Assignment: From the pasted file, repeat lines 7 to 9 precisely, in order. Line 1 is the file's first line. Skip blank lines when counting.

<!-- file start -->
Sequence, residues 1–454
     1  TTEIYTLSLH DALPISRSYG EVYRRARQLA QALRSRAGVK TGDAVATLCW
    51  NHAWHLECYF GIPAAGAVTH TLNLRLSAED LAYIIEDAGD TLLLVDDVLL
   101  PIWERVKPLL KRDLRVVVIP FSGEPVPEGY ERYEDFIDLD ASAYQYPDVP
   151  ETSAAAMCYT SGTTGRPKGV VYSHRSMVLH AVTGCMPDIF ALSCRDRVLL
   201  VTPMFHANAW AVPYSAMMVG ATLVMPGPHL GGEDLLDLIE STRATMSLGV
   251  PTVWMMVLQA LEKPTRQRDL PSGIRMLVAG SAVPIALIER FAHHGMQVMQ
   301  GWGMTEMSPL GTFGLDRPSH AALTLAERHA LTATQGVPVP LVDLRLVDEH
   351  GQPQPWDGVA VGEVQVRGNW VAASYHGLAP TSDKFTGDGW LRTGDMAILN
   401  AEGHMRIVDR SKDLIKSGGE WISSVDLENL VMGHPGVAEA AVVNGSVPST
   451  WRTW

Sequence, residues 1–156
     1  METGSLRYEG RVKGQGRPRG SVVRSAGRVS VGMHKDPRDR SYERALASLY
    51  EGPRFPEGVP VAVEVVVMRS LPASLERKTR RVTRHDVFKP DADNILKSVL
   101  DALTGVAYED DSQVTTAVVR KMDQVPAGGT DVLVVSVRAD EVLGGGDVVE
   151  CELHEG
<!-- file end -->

   251  PTVWMMVLQA LEKPTRQRDL PSGIRMLVAG SAVPIALIER FAHHGMQVMQ
   301  GWGMTEMSPL GTFGLDRPSH AALTLAERHA LTATQGVPVP LVDLRLVDEH
   351  GQPQPWDGVA VGEVQVRGNW VAASYHGLAP TSDKFTGDGW LRTGDMAILN